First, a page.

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Title: CO-Bridged H-Cluster Intermediates in the Catalytic Mechanism of [FeFe]-Hydrogenase CaI

Abstract

The [FeFe]-hydrogenases ([FeFe] H2ases) catalyze reversible H2 activation at the H-cluster, which is composed of a [4Fe-4S]H subsite linked by a cysteine thiolate to a bridged, organometallic [2Fe-2S] ([2Fe]H) subsite. Profoundly different geometric models of the H-cluster redox states that orchestrate the electron/proton transfer steps of H2 bond activation have been proposed. We have examined this question in the [FeFe] H2ase I from Clostridium acetobutylicum (CaI) by Fourier-transform infrared (FTIR) spectroscopy with temperature annealing and H/D isotope exchange to identify the relevant redox states and define catalytic transitions. One-electron reduction of Hox led to formation of HredH+ ([4Fe-4S]H2+-FeI-FeI) and Hred' ([4Fe-4S]H1+-FeII-FeI), with both states characterized by low frequency μ-CO IR modes consistent with a fully bridged [2Fe]H. Similar μ-CO IR modes were also identified for HredH+ of the [FeFe] H2ase from Chlamydomonas reinhardtii (CrHydA1). The CaI proton-transfer variant C298S showed enrichment of an H/D isotope-sensitive μ-CO mode, a component of the hydride bound H-cluster IR signal, Hhyd. Equilibrating CaI with increasing amounts of NaDT, and probed at cryogenic temperatures, showed HredH+ was converted to Hhyd. Over an increasing temperature range from 10 to 260 K catalytic turnover led to loss of Hhyd and appearance of Hox, consistent with enzymatic turnovermore » and H2 formation. The results show for CaI that the μ-CO of [2Fe]H remains bridging for all of the 'Hred' states and that HredH+ is on pathway to Hhyd and H2 evolution in the catalytic mechanism. Here, this provides a blueprint for designing small molecule catalytic analogs« less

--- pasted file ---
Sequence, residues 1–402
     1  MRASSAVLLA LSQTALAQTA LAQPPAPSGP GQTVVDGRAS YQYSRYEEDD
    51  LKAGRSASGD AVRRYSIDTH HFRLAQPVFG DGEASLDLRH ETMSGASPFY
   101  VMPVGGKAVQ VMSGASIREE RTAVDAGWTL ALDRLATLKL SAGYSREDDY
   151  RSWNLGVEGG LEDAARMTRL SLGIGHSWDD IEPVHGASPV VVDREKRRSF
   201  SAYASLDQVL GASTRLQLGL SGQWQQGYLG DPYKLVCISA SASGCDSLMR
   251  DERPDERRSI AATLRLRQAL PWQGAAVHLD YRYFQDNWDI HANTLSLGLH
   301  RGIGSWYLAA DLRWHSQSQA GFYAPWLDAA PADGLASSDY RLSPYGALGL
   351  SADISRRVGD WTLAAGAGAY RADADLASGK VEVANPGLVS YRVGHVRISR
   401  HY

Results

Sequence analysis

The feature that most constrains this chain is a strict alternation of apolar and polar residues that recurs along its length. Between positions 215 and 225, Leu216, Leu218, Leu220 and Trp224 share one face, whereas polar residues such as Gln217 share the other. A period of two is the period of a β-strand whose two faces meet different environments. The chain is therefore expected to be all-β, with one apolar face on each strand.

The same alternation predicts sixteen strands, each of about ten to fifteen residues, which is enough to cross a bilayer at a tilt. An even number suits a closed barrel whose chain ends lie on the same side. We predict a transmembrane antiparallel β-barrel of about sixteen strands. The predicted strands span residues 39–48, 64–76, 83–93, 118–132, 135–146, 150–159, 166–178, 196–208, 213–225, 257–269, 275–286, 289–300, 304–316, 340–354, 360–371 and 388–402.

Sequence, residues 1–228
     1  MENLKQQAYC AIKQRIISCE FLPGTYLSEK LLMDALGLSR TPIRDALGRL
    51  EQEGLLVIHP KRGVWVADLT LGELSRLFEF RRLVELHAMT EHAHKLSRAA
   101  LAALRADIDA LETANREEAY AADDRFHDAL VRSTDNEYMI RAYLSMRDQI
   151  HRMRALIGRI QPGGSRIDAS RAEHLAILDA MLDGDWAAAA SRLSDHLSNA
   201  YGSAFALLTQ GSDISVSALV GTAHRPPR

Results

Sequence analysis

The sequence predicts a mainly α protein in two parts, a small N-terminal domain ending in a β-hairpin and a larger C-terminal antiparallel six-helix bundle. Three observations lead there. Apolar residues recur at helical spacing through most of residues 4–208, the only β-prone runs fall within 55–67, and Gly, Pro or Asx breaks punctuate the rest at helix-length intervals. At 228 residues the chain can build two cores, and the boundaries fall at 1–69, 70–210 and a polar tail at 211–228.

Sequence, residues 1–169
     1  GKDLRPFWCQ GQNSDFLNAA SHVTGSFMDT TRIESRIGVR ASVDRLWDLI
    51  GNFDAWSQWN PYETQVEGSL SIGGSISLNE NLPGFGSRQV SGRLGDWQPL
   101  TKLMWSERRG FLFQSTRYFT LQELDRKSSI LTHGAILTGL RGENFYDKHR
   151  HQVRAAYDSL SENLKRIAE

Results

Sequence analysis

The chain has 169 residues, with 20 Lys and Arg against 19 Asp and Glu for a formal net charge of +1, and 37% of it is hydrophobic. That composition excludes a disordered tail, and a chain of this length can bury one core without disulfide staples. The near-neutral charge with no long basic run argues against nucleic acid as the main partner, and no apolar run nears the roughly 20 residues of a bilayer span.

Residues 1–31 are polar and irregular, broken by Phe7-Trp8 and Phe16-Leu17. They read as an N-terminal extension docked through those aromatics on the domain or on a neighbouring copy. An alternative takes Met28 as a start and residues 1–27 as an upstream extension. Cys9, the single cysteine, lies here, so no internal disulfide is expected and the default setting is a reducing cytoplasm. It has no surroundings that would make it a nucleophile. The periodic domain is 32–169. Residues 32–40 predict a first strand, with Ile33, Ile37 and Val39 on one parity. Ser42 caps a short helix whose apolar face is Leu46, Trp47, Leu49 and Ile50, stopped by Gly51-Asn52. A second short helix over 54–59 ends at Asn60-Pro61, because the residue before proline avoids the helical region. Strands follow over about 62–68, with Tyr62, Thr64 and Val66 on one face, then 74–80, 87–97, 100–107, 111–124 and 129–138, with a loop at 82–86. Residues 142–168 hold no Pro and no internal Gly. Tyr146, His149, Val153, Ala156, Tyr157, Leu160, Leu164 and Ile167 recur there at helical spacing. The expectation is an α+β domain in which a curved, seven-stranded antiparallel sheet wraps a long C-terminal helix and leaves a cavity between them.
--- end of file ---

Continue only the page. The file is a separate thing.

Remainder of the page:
Authors:
 [1];  [1];  [1];  [2];  [2]; ORCiD logo [1]
  1. National Renewable Energy Lab. (NREL), Golden, CO (United States)
  2. Colorado School of Mines, Golden, CO (United States)
Publication Date:
Research Org.:
National Renewable Energy Laboratory (NREL), Golden, CO (United States)
Sponsoring Org.:
USDOE Office of Science (SC), Basic Energy Sciences (BES)
OSTI Identifier:
1440310
Report Number(s):
NREL/JA-2700-71170
Journal ID: ISSN 0002-7863
Grant/Contract Number:  
AC36-08GO28308
Resource Type:
Accepted Manuscript
Journal Name:
Journal of the American Chemical Society
Additional Journal Information:
Journal Volume: 140; Journal Issue: 24; Journal ID: ISSN 0002-7863
Publisher:
American Chemical Society (ACS)
Country of Publication:
United States
Language:
English
Subject:
37 INORGANIC, ORGANIC, PHYSICAL, AND ANALYTICAL CHEMISTRY; [FeFe]-hydrogenases; catalysis; catalytic transitions

Citation Formats

Ratzloff, Michael W., Artz, Jacob H., Mulder, David W., Collins, Reuben T., Furtak, Thomas E., and King, Paul W. CO-Bridged H-Cluster Intermediates in the Catalytic Mechanism of [FeFe]-Hydrogenase CaI. United States: N. p., 2018. Web. doi:10.1021/jacs.8b03072.
Ratzloff, Michael W., Artz, Jacob H., Mulder, David W., Collins, Reuben T., Furtak, Thomas E., & King, Paul W. CO-Bridged H-Cluster Intermediates in the Catalytic Mechanism of [FeFe]-Hydrogenase CaI. United States. https://doi.org/10.1021/jacs.8b03072